Sunday, November 13, 2005

Session #1: The Geneaologies

Two themes stood out in my mind after our discussion on the genealogies in Matthew and Luke.

1. God uses the unlikeliest of people to be agents of the kingdom.

The chief agent of God's kingdom being Jesus. I find it helpful recognizing this consistent theme throughout the bible. Particularly, the exodus and exile motif we see in the beginning chapters of Matthew.

One of the things I try to do in understanding these rich and deeper goldmines in the Bible is to relate them to our present the world I inhabit. One of my thoughts came up in our discussion. I was thinking about the passed hip-hop artist/rapper Tupac Shakur as a metaphor for what I am talking about. Tupac was not an agent for the kingdom of God (or was he?) but he did represent the voiceless in American society. He was one of the few rappers and pop culture icons that consistently brought the voices of those in the margins in his rap songs ( e.g. Brenda's gotta baby, Keep ya head up, et al). Given his background and personal history Tupac was an unlikely candidate to represent other people's hopes and aspirations.

2. A part of God's story of redemption is the turning of the tables.

Consistently throughout scripture we see this theme repeated over and over again. In fact, the gospels talk about the "last becoming first". Once we understand that Jesus represents not only God, but also humanity...and in particular, God decides to become a human being in the form of a peasant who is a part of a people who are oppressed and occupied by a colonizing power. I think too often we Western Christians dismiss these historical nuggets as irrelevant to our discussion to Jesus' message of 'good news'. I don't know where this comes from. I have my suspicions: 1. the over-spiritualizing of the historical context of the New Testament 2. that we read the Bible from a place of relative privilege...its hard to identify with a people who are on the edges of barely surviving. We tend to read the Bible through our own culture...which isn't totally a bad some ways...many ways it is difficult to recognize and escape.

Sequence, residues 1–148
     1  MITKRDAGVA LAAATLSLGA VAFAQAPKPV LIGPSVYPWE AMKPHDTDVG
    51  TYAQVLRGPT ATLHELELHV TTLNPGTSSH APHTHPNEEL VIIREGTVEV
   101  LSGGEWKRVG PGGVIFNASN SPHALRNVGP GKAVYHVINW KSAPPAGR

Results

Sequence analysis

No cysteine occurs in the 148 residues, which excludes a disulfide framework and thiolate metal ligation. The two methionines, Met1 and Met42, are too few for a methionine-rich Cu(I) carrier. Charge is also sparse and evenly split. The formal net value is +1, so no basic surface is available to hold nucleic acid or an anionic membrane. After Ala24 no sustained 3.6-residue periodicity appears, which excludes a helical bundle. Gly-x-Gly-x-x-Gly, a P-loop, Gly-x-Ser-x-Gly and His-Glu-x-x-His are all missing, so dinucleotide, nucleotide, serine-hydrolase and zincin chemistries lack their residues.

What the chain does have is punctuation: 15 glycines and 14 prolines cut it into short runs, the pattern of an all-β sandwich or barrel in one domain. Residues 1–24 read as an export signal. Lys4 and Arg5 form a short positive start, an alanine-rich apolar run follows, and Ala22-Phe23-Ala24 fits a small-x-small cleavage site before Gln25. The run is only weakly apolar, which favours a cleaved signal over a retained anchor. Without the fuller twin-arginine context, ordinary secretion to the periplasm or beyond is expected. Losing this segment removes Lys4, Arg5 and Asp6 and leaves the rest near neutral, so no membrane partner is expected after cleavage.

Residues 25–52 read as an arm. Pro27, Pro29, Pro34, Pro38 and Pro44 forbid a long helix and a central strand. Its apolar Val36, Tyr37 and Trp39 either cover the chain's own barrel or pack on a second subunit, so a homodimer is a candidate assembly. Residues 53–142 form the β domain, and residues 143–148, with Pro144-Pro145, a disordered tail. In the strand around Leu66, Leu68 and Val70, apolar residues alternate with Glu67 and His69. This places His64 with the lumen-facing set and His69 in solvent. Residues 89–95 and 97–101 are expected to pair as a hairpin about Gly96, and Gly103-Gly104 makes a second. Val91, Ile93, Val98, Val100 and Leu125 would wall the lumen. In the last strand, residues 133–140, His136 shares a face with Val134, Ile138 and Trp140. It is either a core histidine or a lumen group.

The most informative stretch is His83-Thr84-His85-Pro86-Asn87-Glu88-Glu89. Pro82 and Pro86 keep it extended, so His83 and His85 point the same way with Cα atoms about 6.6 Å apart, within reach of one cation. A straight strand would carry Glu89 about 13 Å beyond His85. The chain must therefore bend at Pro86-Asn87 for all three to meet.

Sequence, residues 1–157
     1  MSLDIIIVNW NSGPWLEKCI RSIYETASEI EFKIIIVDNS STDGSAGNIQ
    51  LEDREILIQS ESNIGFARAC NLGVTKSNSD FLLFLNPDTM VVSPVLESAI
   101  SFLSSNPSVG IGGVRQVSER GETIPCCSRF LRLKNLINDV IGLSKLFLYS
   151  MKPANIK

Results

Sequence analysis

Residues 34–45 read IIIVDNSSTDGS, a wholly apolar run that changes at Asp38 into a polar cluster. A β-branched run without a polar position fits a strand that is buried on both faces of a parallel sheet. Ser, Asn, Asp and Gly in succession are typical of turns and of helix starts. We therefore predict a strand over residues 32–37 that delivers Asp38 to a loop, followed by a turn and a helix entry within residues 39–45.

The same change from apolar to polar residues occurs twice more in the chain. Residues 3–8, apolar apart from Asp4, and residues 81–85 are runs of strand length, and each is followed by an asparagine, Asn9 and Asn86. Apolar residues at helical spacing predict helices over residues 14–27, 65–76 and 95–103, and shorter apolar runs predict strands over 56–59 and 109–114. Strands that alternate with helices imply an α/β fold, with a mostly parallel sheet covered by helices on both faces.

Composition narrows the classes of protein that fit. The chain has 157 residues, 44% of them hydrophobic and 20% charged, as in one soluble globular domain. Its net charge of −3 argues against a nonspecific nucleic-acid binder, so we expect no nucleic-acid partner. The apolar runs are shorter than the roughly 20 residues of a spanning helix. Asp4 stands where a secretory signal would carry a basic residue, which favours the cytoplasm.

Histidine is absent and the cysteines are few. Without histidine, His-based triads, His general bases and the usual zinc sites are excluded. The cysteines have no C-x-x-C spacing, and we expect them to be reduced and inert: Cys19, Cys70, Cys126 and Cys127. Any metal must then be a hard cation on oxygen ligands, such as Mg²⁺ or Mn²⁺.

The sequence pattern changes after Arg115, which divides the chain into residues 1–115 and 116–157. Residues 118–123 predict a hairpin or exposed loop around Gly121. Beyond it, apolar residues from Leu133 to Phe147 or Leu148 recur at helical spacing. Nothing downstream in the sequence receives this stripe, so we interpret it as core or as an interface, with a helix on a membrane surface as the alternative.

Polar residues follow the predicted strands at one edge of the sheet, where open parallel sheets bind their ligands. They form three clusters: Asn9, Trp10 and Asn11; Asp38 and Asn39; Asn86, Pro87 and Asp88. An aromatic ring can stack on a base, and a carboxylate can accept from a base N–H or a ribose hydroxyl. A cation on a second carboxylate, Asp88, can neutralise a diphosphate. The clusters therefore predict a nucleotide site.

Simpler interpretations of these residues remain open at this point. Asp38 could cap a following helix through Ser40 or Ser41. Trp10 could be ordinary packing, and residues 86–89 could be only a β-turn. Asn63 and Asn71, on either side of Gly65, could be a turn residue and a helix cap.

I'll post more thoughts as they arise.

Session #3: The Gospel According to Mary

Those who carry pianos
to the tenth floor wardrobes and coffins
an old man with a bundle of wood limps beyond the horizon
a woman with a hump of nettles
a madwoman pushing a pram
full of vodka bottles
they will all be lifted
like a gull's feather like a dry leaf
like an eggshell a scrap of newspaper

Blessed are those who carry
for they shall be lifted.

-Anna Kamienska, "Those Who Carry"

"He speaks about faith in a way that even a nonbeliever can embrace."

i know this is not exactly on topic, but Bono talking about scripture I found interesting, and somewhat familiar to our discussions on how the reading of the text changes for us.

"I want to build my house on a rock, because even if the waters are not high around the house, I'm going to bring back a storm. I have that in me."

check out this excerpt.